Figure 3.2. Selected Asia: Change in Poverty and Inequality during the Global Crisis1 (In percentage points)

Poverty headcount Malaysia (2004­09) China (2005­09) Indonesia, urban (2006­09) Korea (2006­10) Japan (2005­09) Indonesia, rural (2006­09) Taiwan Province of China (2006­09) New Zealand (2004­09) Philippines (2006­09) -6 -4 -2 0 2 4 6 8 10 Sources: CEIC Data Company Ltd.; World Bank, PovcalNet database; UNU­WIDER, World Income China and the Philippines, based on World Bank estimates. ­12.7 Gini index

Inequality database; country authorities; and IMF staff calculations.

1 For

Figure 3.3. Income Elasticity of Poverty Reduction1 (Impact on poverty headcount of a 1­percent increase in per capita income; in percent)

Baseline South Asia (excl. India) China Brazil Other Asia

2

Latin America (excl. Brazil) India Indonesia -3.5 -3.0 -2.5 -2.0 -1.5 -1.0 -0.5 0.0

Sources: WorldBank, PovcalNet database; University of Pennsylvania, Penn World Table; and IMF staff calculations. 1 The elasticity is set equal to that for baseline countries when the null hypothesis of a significant difference cannot be rejected. 2 Other Asia here includes Cambodia, Malaysia, the Philippines, Thailand, and Vietnam.

poorest fifth of society being left behind, but the richest fifth doing particularly well, we also estimate a similar relationship for income in the top quintile. We find that income of the bottom quintile rises significantly less than proportionately with average income and income of the top quintile rises significantly more than proportionately with average income. Moreover, these elasticities vary significantly across regions and economies. For the bottom quintile, the elasticity is significantly less than one for China, the NIEs, and South Asia (excluding India). For Brazil, the elasticity is significantly greater than one (Figure 3.4). Turning to the top quintile, the results are the mirror image of those for the bottom quintile. The elasticity is significantly greater than one 27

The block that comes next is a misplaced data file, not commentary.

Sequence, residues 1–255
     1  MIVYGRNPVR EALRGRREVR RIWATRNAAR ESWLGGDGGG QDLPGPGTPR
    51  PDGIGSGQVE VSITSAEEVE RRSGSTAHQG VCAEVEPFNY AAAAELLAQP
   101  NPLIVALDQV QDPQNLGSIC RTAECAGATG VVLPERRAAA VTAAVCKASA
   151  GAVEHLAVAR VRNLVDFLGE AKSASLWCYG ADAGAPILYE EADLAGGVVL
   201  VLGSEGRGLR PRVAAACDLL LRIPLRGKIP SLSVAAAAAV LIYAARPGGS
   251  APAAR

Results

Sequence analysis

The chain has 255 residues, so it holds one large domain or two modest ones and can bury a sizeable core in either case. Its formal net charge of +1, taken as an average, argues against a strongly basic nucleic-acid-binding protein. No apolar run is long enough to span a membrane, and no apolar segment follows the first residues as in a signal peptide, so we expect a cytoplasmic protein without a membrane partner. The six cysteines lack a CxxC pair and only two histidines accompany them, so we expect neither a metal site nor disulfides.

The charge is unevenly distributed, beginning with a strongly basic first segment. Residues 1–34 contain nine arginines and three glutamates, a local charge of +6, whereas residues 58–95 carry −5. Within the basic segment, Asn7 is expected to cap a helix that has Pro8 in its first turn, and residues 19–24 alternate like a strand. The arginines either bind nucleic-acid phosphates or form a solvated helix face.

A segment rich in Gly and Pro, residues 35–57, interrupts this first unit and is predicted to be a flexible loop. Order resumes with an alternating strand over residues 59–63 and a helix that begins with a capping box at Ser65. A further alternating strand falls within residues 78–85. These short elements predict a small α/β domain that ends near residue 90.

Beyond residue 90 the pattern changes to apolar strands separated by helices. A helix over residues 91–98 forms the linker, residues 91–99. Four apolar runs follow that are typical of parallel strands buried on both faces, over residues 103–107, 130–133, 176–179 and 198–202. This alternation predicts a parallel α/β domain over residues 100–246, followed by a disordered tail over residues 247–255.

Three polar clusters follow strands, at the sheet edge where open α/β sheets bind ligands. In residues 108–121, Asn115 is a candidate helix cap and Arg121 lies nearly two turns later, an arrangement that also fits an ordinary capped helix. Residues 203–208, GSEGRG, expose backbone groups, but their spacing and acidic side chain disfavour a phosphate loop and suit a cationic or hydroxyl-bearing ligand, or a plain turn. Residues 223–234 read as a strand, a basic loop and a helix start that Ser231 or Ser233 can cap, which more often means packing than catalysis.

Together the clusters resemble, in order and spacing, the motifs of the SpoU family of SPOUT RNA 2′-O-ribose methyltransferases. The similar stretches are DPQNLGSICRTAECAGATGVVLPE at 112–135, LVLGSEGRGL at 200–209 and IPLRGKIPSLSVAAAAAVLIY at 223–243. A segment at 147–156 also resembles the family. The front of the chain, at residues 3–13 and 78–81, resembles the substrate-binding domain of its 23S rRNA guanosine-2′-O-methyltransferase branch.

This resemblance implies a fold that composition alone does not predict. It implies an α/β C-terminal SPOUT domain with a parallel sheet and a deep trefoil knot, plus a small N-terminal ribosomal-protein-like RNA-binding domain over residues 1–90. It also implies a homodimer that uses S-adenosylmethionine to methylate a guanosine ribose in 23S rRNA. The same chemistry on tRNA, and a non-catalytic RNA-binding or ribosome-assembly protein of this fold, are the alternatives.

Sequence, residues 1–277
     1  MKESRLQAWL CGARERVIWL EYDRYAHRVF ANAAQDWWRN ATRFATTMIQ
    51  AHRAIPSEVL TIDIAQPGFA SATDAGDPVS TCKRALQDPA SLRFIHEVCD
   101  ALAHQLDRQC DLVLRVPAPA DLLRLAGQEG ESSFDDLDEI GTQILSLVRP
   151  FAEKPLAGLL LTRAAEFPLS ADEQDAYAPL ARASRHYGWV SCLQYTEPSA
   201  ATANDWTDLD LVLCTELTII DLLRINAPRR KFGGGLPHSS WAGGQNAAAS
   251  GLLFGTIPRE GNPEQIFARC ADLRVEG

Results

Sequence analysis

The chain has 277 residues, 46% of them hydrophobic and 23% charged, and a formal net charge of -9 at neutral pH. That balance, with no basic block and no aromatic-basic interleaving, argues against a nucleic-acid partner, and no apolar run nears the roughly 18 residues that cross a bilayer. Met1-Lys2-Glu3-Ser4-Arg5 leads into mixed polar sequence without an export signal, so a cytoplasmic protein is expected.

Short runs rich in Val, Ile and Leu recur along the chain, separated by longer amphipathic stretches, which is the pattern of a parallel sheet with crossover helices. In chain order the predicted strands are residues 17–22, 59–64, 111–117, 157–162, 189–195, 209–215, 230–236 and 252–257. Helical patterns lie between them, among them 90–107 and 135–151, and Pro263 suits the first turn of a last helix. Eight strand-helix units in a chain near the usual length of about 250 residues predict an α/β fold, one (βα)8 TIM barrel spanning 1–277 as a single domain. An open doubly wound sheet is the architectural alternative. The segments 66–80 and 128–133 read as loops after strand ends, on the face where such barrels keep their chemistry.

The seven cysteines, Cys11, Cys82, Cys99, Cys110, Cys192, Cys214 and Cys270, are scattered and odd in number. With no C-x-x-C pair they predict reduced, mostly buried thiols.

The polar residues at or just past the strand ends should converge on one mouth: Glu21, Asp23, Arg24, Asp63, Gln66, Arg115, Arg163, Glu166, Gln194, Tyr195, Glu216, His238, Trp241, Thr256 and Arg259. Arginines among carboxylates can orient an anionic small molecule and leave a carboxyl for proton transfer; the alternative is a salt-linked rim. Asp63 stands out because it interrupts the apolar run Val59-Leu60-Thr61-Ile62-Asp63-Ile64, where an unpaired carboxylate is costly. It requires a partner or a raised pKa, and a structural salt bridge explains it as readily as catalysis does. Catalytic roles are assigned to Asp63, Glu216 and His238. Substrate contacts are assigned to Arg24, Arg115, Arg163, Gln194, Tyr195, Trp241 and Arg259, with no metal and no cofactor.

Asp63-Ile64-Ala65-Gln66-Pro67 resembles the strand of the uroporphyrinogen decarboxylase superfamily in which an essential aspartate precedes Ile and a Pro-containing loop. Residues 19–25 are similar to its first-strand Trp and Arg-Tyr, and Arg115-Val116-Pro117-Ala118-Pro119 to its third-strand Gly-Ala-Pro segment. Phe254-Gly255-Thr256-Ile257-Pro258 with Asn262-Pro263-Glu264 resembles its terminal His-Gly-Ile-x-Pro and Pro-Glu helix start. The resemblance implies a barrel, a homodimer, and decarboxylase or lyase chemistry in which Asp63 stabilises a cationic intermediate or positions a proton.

REGIONAL ECONOMIC OUTLOOK: ASIA AND PACIFIC for China, the NIEs, and South Asia (excluding India); and significantly less than one for Brazil. In sum, the results suggest that growth has generally not been inclusive in China, the NIEs, and South Asia (excluding India), whereas it has been inclusive in Brazil.11